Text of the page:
Music Submissions: :Kinema & Fanfarlo

09/24/2009

By Eve Marcellus

:kinema:
:kinema:is a three piece pop band from England who released their breezy, stylish, and slightly forgettable self-titled album in July. In their own words, they make their music by “combining elements of Yacht Rock, Soul and Contemporary Pop and Dance music into something sounding like Off The Wall-era Micheal Jackson being re-imagined by a 21st Century Indie band.” Despite the fact that nothing about their music comes close to disco greatness, it isn’t an unpleasant listen. The songs do recall other dance and R&B hits, such as The Real McCoy and Robin Thicke’s debut (back when he just went by Thicke). It is retro in a 90s way. There is clearly a knowledge and respect for what makes good dance music, and all the elements are there. It fails, however, to come accross as fresh or exciting enough to leave much of an impression. And yes, it seems that they are indeed serious about those colons.

Sounds Like: Soundtrack from “A Night at the Roxbury”, unfortunately.
Listen To: Circles, Let’s Get To It


Fanfarlo
Reservoir, the debut album from London based group, Fanfarlo, is full of good things. Horns! Bells! Harmonies! Handclaps! The five piece band manages to pay homage to early 60s rock (think The Byrds), particularly on songs like “I’m a Pilot,” while keeping things fresh. If the single “The Walls are Coming Down” sounds a bit familiar, it’s probably because the combination of vocals and an extensive instrumental backing is quite reminiscent of “Postcards from Italy” by Beirut. If one listened to only that song, it would be tempting to dismiss them as a sub-par knock off. However, the album is a cheerful and almost cozy listen. It’s cute music, like flannel shirts in Autumn. This is not the groundbreaking pop album of the year, but one you should have.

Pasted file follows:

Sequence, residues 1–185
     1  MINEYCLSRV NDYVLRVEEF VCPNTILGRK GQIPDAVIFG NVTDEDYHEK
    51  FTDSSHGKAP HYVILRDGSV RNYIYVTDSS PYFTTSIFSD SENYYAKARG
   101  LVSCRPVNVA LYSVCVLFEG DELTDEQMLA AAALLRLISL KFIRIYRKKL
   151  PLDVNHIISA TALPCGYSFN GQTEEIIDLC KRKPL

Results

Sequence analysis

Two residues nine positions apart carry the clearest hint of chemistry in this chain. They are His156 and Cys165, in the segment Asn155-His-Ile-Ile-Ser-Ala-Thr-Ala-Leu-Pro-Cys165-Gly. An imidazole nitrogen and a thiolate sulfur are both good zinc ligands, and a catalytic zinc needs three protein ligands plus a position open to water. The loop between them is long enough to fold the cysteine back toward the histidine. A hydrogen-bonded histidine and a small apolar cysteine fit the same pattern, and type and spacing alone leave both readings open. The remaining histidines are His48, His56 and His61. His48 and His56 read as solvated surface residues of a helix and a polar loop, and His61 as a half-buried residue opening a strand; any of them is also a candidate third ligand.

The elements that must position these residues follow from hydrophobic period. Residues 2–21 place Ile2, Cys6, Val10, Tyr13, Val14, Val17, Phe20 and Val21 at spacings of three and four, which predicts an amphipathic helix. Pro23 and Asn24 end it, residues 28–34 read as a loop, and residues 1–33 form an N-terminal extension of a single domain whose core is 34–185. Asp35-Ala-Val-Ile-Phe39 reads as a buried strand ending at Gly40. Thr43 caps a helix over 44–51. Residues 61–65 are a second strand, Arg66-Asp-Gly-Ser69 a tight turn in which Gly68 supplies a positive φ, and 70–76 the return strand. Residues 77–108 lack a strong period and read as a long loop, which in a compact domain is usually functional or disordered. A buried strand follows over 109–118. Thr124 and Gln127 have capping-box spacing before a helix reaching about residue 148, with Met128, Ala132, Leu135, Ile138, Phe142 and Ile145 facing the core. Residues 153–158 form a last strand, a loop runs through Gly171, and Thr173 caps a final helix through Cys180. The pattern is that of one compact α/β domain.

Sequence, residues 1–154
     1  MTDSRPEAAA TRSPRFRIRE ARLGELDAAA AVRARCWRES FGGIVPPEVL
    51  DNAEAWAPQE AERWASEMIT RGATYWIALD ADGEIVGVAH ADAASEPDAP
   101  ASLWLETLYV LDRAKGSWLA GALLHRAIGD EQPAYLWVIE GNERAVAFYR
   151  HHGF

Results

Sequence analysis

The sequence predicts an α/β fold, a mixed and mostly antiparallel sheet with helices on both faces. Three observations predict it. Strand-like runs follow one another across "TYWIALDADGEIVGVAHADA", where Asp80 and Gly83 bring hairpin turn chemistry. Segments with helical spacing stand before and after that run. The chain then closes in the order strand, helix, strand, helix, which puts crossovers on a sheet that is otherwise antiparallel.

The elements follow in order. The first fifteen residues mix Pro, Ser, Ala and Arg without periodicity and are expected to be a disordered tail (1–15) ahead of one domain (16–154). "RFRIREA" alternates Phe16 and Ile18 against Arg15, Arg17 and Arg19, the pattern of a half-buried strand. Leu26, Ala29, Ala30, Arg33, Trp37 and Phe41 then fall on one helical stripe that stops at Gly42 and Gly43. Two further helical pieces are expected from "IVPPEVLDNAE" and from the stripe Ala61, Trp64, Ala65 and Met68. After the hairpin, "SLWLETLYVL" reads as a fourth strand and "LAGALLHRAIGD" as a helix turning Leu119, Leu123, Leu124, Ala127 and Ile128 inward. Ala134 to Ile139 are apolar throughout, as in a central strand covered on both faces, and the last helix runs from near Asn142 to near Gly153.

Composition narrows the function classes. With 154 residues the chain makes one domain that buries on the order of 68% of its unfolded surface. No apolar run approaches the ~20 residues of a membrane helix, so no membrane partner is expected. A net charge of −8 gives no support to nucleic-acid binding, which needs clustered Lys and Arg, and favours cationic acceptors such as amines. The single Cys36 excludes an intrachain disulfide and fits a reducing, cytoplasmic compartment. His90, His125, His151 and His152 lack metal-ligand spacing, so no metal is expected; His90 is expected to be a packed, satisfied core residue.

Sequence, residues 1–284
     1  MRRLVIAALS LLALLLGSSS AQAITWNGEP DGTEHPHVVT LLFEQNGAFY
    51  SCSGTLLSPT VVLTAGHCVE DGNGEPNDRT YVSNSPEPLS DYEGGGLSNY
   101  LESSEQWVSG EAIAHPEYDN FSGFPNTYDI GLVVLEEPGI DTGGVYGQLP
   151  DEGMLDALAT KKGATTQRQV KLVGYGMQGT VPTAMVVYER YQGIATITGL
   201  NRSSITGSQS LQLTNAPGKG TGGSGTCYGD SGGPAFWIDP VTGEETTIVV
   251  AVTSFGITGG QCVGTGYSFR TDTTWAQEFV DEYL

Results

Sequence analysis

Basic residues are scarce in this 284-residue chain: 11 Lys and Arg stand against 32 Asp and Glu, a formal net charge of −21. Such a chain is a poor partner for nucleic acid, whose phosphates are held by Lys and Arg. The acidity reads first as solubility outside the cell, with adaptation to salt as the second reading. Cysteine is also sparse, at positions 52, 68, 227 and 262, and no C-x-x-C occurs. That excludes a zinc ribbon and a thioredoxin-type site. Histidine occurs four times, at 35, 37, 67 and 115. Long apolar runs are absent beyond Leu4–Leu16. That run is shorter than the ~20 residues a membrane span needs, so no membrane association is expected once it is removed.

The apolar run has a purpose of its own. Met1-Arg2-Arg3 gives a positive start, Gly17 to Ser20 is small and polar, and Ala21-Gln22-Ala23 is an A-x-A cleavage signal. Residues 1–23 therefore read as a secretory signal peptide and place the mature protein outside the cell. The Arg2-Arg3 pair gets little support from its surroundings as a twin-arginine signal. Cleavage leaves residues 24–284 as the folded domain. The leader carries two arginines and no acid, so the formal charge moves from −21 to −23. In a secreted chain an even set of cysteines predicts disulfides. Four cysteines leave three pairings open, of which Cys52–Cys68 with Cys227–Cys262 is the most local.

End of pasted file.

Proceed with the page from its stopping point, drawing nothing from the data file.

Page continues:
The band just wrapped up their US tour (unfortunately) with a stop in San Francisco (at 330 Ritch).

Sounds Like: If Sufjan Stevens’ label released a British act
Listen To: The Walls are Coming Down, Harold T Wilkins